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CNS Neurol Disord Drug Targets. 2017 Apr 7. doi: 10.2174/1871527316666170407151514. [Epub ahead of print]

Elevated C-reactive protein levels in women with bipolar disorder may be explained by a history of childhood trauma, especially sexual abuse, body mass index, and age.

Author information

1
Health Sciences Graduate Program, Health Sciences Center, State University of Londrina, Av. Robert Koch, 60 ; ZIP: 86035-380 - Londrina - Paraná . Brazil.
2
, Affilation: IMPACT Strategic Research Centre, School of Medicine, Deakin University. Australia.
3
Department of Clinical and Toxicological Analysis, Universidade Estadual de Londrina, Londrina. Brazil.
4
Health Sciences Graduate Program, Health Sciences Center, State University of Londrina, Av. Robert Koch, 60 ; ZIP: 86035-380 - Londrina - Paraná. Brazil.
5
Department of Clinical Medicine and Translational Psychiatry Research Group, Faculty of Medicine, Federal University of Ceará, Fortaleza, CE. Brazil.

Abstract

OBJECTIVES:

To evaluate whether increased levels of high-sensitivity C- reactive protein (hs-CRP) observed in individuals with bipolar disorder (BD) compared to healthy controls (HCs) could be influenced by a previous exposure to early life stress (ELS) independently from other explanatory or background variables, including age, body mass index (BMI), and the presence of co-occurring mental disorders.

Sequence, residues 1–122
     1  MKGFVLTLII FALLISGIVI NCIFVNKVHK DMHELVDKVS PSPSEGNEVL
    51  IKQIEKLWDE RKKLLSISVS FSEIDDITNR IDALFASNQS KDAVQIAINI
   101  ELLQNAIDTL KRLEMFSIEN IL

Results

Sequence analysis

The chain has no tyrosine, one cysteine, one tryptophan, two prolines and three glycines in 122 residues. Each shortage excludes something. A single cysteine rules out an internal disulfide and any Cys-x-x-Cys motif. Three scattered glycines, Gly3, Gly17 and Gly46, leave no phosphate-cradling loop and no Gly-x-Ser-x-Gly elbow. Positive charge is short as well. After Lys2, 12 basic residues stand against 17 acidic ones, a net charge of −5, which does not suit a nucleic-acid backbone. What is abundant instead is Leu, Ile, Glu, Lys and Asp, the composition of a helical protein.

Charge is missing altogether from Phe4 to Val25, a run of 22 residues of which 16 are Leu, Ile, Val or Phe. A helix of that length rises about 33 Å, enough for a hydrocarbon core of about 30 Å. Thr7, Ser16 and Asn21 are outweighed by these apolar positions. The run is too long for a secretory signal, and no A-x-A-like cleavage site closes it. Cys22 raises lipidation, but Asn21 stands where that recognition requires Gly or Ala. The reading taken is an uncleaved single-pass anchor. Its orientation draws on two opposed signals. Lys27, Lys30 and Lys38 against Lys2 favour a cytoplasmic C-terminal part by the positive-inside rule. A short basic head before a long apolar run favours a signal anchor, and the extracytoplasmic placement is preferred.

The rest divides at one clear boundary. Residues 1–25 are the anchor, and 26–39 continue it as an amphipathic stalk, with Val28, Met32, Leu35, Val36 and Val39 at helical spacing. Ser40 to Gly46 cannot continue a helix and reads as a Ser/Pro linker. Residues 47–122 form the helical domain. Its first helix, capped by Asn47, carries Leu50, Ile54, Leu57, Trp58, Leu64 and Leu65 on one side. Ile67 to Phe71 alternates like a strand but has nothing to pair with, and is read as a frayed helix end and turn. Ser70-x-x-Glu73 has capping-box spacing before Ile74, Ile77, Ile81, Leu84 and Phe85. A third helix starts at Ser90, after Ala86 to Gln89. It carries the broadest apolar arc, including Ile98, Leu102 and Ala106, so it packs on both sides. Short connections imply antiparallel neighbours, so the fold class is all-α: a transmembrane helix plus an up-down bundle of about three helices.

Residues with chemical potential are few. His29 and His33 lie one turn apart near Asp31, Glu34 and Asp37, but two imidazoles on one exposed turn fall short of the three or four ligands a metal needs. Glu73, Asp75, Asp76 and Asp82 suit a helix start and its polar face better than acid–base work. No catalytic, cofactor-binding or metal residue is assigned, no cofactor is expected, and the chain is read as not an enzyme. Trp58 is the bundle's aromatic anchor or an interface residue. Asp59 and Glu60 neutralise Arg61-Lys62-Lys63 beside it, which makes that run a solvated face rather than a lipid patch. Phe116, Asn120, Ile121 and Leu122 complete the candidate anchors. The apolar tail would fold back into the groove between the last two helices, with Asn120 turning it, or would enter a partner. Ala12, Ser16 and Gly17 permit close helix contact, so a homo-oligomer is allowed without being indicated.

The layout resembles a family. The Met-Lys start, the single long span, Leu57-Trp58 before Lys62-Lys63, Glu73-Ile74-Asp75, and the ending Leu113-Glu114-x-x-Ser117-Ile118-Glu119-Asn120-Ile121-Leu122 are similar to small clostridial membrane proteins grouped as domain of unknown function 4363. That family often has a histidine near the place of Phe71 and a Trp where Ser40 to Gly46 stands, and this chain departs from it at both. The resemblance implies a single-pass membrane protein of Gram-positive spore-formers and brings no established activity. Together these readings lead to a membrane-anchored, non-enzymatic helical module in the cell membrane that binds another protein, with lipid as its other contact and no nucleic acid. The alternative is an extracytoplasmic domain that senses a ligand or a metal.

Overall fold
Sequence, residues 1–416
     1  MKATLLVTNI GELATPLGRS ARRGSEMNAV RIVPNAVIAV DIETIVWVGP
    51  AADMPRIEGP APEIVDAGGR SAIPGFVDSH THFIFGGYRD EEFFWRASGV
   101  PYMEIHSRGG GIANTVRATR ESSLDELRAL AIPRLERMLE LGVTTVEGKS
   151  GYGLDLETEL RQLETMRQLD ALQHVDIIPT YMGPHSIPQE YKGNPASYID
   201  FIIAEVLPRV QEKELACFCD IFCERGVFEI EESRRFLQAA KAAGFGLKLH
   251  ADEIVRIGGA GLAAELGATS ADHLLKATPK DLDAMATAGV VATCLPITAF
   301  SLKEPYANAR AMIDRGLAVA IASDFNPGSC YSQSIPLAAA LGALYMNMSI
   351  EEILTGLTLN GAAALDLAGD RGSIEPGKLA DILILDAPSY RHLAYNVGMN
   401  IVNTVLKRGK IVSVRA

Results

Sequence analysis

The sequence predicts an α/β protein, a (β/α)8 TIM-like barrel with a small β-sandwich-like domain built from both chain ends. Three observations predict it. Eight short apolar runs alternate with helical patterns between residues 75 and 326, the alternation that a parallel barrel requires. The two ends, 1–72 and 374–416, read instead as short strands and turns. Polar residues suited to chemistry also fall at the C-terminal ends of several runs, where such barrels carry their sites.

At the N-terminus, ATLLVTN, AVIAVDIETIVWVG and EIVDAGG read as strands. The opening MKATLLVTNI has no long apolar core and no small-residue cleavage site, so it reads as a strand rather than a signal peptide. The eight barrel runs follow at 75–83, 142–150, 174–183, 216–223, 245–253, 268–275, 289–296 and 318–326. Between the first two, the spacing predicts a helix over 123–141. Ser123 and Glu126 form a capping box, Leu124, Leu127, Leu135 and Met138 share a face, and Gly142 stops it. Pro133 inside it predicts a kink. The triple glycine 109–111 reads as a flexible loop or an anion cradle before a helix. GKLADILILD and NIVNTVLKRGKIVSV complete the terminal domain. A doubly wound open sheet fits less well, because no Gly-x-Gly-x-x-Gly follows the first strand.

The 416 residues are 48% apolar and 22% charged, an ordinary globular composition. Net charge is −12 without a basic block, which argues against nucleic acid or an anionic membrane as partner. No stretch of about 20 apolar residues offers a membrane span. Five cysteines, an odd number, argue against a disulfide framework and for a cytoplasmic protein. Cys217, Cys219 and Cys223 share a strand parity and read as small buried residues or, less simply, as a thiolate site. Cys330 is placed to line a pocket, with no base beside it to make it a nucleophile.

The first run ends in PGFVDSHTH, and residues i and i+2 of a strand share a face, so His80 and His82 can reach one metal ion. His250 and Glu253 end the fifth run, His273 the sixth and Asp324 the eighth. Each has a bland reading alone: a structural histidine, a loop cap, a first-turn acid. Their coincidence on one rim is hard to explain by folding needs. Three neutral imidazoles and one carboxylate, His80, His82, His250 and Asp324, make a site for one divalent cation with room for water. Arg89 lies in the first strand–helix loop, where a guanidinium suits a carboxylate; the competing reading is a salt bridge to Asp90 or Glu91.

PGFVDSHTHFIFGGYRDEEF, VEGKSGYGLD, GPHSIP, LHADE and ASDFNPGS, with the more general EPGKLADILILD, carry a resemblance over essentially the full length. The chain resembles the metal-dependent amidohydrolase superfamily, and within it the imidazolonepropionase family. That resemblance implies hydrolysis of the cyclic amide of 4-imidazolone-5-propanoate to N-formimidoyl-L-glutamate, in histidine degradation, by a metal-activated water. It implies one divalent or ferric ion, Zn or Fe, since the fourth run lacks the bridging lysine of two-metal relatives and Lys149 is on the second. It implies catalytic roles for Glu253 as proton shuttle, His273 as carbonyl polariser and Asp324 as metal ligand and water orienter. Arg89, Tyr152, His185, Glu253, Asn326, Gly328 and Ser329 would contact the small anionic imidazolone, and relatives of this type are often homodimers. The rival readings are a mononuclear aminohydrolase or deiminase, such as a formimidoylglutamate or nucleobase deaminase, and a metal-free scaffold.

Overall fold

METHODS:

In this case-control study we included 142 healthy controls and 92 bipolar I and II patients. The Childhood Trauma Questionnaire was administered in a subset of 30 female patients with BD and 31 female HCs, and plasma hs-CRP was measured in all subjects. Multivariable models adjusted the data for the possible confounding variables.

RESULTS:

Serum hs-CRP levels were significantly higher in patients with BD compared to HCs. However, after controlling for BMI, these differences were no longer significant. Around 55% of the variance in hs-CRP was explained by cumulative and independent effects of age, BMIand childhood trauma, especially sexual abuse.

CONCLUSIONS:

Our results show that increased hs-CRP levels in BD patients are more related to childhood trauma, especially sexual abuse, age and BMI than to a diagnosis of BD per se. These data suggest that peripheral inflammation may underpin the well-known detrimental effects of childhood maltreatment and obesity in the course of BD. Hs-CRP data are difficult to interpret if they are not adjusted for effects ofBMI and age.

KEYWORDS:

CRP. ; anxiety; bipolar disorder; childhood sexual abuse; early life stress; immune activation; inflammation

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